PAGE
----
Coffee futures capped the worst rout in more than four decades as wet weather signaled bigger crops than forecast in Brazil, the world’s largest grower.
Increasing precipitation in Brazil this week will improve conditions for crops that have been able to flower multiple times amid ample rain, MDA Weather Services in Gaithersburg, Maryland, said yesterday. Soil moisture will also gain in Colombia, the second-biggest producer, the forecaster said.
Brazil may collect a record crop in 2014 after “perfect” weather, Sao Paulo-based Somar Meteorologia said yesterday. The Colombian Coffee Growers Federation estimates that farmers may reap the biggest harvest since 2007. Global production is set to exceed demand for a fourth straight season, according to the U.S. Department of Agriculture. The glut is helping to cut costs for Starbucks Corp. (SBUX) and Kraft Foods Group as coffee futures tumbled 26 percent in 2013.
“All these flowerings taking place in Brazil are leading traders to think that there’s going to be more production than initially thought,” James Cordier, the founder of Optionsellers.com in Tampa, Florida, said in a telephone interview. “The country has a lot of coffee left from last year, and they have to move it to make space for the new supplies. Colombian output is also definitely on the rebound.”
Arabica coffee for delivery in December fell 0.6 percent to settle at $1.0695 a pound at 2 p.m. on ICE Futures U.S. in New York, after touching $1.066, the lowest since March 2009. Prices fell for 11 straight sessions, the longest slump since at least 1972.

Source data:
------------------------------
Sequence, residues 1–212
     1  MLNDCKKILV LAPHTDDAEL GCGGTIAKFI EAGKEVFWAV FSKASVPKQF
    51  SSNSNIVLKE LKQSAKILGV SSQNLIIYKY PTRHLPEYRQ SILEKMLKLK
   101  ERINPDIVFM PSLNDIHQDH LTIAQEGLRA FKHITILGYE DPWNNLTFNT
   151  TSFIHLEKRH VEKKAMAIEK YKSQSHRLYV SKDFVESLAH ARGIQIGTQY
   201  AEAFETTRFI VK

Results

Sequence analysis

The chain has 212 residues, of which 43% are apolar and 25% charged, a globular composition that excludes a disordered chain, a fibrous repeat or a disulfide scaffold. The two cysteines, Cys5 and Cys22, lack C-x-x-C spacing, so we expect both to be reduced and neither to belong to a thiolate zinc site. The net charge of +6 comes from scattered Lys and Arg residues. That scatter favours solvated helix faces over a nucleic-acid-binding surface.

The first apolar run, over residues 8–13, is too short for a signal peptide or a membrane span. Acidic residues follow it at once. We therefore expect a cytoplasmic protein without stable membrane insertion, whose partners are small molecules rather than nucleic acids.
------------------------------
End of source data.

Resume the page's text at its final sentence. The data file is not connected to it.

Global production, including the robusta variety that accounts for 41 percent of supply, will exceed demand by 4.46 million bags in the 2013-2014 season, from a 10 million-bag surplus a year earlier, according to the USDA. Inventories will reach a five-year high of 30.53 million bags, the USDA predicts.
Lower costs have helped increase margins for Waterbury, Vermont-based Green Mountain Coffee Roasters Inc. (GMCR), Frances Rathke, the chief financial officer, said on a call with investors and analysts on Sept. 10. About 38 percent of the cost for producing the company’s single-serving coffee K-cups come from the commodity, he said. Starbucks cut prices for some of its packaged coffees sold in U.S. supermarket and retail stores in May.
Prices are heading for the third straight annual decline, the longest slump since 1993. Americans are less interested in buying coffee as the number of alternative options has increased, according to Ross Colbert, a global beverage strategist at Rabobank International in New York.
“We’re seeing double-digit growth rates in energy drinks and energy shots,” Colbert said. “This is probably taking consumers away from coffee.”
The “recent favorable weather conditions” prompted Goldman Sachs Group Inc. to lower its price outlook by 7.7 percent, analysts said in an Oct. 18 report. The commodity will be at $1.20 in three, six and 12 months, down from a previous forecast of $1.30, the bank said.
Futures may slump to $1 in the next month, Cordier of Optionsellers.com said. That would be the lowest since August 2006.
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